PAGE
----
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I'm working on pset5 2020 speller. I have managed to get my code to compile but no matter how small the input data sets are I suffer a segmentation fault. I've run valgrind and there only seems to be one issue. However, I find myself unable to figure out how to solve it on my own. I'm hoping that, once I get rid of the segfault, I'll be able to isolate and fix the inevitable other issues in my code on my own, butI would greatlly apprciate it if somjeone could help me out here and either tell me how to interpret the error messages, what I'm doing wrong or possibly a good troubleshooting method for these types of issues, so I may figure out the issue on my own accord. Any and all forms of aid will be greatly appreciated!!!

What I believe to be the relevant error messages are:

> LEAK SUMMARY:
> ==3904==    definitely lost: 392 bytes in 7 blocks //(unload function)
> ==3904==    indirectly lost: 0 bytes in 0 blocks
> ==3904==      possibly lost: 0 bytes in 0 blocks
> ==3904==    still reachable: 3,240 bytes in 49 blocks //(load + possibly check?)
> ==3904==         suppressed: 0 bytes in 0 blocks

These are my load and unload functions:

bool check(const char *word)
{
    //Declarations
    bool found = false;
    int check_hash = hash(word);
    node *cursor = malloc(sizeof(node));
    if(cursor == NULL)
    {
        printf("Memory Error.\n");
        return false;
    }
    cursor->next = table[check_hash]->next;

    while(cursor->next != NULL)
    {
        if(strcasecmp(cursor->word, word))
        {
            found = true;
        }
        cursor = cursor->next;
    }
    free(cursor);
    return found;
}
bool load(const char *dictionary)
{
    FILE *dic = fopen(dictionary, "r");
    if (dic == NULL)
    {
        printf("Could not load %s\n", dictionary);
        fclose(dic);
        return false;
    }
    char* nword = malloc(sizeof(char)*(LENGTH + 1));

    while(fscanf(dic,"%s",nword) != EOF)
    {

        fscanf(dic,"%s",nword);
        node *n = malloc(sizeof(node));
        if (n == NULL)
        {
            printf("Could not allocate memory.\n");
            fclose(dic);
            free(n);
            return false;
        }
        strcpy(n->word, nword);
        word_count++;
        n->next = NULL;
        int index = hash(n->word);

        n->next = table[index];

        table[index] = n;

    }
    free(nword);
    return true;
}
bool unload(void)
{
    //Declarations
    int freed = 0;
    node *cursor = malloc(sizeof(node));
    if (cursor == NULL)
    {
        printf("Memory Error: Unloading.");
        free(cursor);
        return false;
    }

    node *tmp = malloc(sizeof(node));
    if (tmp == NULL)
    {
        printf("Memory Error: Unloading.");
        free(tmp);
        return false;
    }


    //Function
    for (int i = N; i > 0; i--)
    {
        cursor->next = table[i];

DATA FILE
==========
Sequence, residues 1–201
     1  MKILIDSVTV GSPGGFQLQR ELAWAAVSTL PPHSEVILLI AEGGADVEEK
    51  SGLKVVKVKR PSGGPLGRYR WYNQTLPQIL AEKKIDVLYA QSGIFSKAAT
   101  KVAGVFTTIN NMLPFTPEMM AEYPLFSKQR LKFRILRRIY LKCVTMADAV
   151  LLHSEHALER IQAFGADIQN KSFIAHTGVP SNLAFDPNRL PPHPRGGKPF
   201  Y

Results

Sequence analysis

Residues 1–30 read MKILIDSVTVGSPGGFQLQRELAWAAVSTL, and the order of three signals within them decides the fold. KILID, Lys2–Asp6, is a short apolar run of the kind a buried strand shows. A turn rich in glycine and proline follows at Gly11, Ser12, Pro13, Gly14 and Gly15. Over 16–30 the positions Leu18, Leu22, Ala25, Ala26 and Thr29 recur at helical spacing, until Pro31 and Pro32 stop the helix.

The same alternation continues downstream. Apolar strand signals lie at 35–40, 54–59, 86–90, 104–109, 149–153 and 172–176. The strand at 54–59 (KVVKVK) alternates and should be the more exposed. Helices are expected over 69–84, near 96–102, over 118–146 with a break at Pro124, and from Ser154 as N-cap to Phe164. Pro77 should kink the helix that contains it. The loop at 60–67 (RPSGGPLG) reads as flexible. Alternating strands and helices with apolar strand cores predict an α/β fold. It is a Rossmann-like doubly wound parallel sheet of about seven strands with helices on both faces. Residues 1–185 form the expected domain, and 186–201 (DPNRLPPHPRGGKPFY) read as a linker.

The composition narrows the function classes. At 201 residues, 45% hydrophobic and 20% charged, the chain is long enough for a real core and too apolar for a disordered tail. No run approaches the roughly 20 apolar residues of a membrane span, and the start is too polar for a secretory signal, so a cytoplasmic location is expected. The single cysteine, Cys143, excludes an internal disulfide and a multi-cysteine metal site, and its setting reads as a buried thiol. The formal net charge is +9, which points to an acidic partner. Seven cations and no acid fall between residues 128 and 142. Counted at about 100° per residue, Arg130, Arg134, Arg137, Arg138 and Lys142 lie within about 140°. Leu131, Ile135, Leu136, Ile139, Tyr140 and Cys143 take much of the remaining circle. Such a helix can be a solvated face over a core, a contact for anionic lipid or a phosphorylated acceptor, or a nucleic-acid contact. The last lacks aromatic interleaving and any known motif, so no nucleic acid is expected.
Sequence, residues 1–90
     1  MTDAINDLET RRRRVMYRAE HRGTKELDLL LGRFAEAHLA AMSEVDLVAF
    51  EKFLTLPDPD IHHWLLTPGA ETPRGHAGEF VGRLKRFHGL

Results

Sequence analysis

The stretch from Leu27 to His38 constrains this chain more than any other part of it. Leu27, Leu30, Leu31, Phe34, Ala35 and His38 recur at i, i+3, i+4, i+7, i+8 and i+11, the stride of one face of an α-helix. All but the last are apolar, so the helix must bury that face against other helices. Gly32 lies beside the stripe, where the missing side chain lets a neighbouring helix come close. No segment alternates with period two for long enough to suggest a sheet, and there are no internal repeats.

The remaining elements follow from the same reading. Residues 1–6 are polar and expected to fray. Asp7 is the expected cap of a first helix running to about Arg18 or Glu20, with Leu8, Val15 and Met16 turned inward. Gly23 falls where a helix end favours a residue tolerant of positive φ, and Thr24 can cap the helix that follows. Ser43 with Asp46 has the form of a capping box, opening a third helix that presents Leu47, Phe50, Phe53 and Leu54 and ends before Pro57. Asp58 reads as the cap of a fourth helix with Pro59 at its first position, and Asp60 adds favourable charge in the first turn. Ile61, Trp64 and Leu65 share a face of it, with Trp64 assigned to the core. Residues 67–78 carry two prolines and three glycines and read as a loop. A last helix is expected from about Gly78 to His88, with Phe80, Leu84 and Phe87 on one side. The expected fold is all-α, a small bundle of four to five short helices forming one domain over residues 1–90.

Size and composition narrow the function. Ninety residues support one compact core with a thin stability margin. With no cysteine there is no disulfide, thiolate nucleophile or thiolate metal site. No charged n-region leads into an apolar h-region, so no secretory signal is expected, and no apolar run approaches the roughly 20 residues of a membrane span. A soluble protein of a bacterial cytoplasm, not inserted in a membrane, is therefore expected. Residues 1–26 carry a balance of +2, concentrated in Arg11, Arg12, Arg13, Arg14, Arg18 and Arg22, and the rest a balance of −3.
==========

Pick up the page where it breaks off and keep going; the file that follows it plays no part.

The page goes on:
while(cursor->next != NULL)
        {
            tmp = cursor;
            cursor = cursor->next;
            free(tmp);
        }
        freed++;
    }
    free(cursor);
    if (freed == N)
    {
        return true;
    }
    else
    {
        return false;
    }
}

If this is somehow a double of another question, it would be wonderful if someone could point me in the right direction!:) :)

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char* word = malloc(sizeof(LENGTH + 1)); is one problem. LENGTH + 1 is an int, sizeof(_int_) is 4 (in the IDE).

A little further on free(word) is inside the while loop. The allocation is outside the while loop. What happens on the 2nd fscanf?

But wait, there's more!

table is (presumably) an array of node pointers, not an array of nodes, therefore there is no "next" member (table[index]->next = n;)

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  • Thank you! I have fixed the first two things you mentioned. I am unsure of what you mean by your comment on the second fscanf. I assumed it would need to be there so the loop will iterate over the function call. Is that not the case? Does it already scan in the string when it checks the condition of the loop?
    – Renée
    May 12 '20 at 15:09
  • However, now that I have placed free(word) outside of the loop and corrected my malloc call I am losing more bytes(still in the same manner as in the error messages above just now there is an extra "46 bytes in 1 blocks are still reachable" before the other two messages.
    – Renée
    May 12 '20 at 15:17
  • added another problem area to the answer. May 12 '20 at 16:13
  • I have attempted to take the ->next away after the table[index], but that results in a huge memory leak. 392 bytes in 7 blocks definetly lost AND 4'006'848 bytes in 71'542 blocks still reachable. I'm sorry to keep bothering you with this, by the way, I really hope I'm not annoying too much with my incompetence.
    – Renée
    May 13 '20 at 7:19
  • It's not incompetence, it's learning. Still getting segfault? Make sure program does not try to access hash[i]->next anywhere in the program (even it it's called by a different name, hint hint unload). May 13 '20 at 16:25

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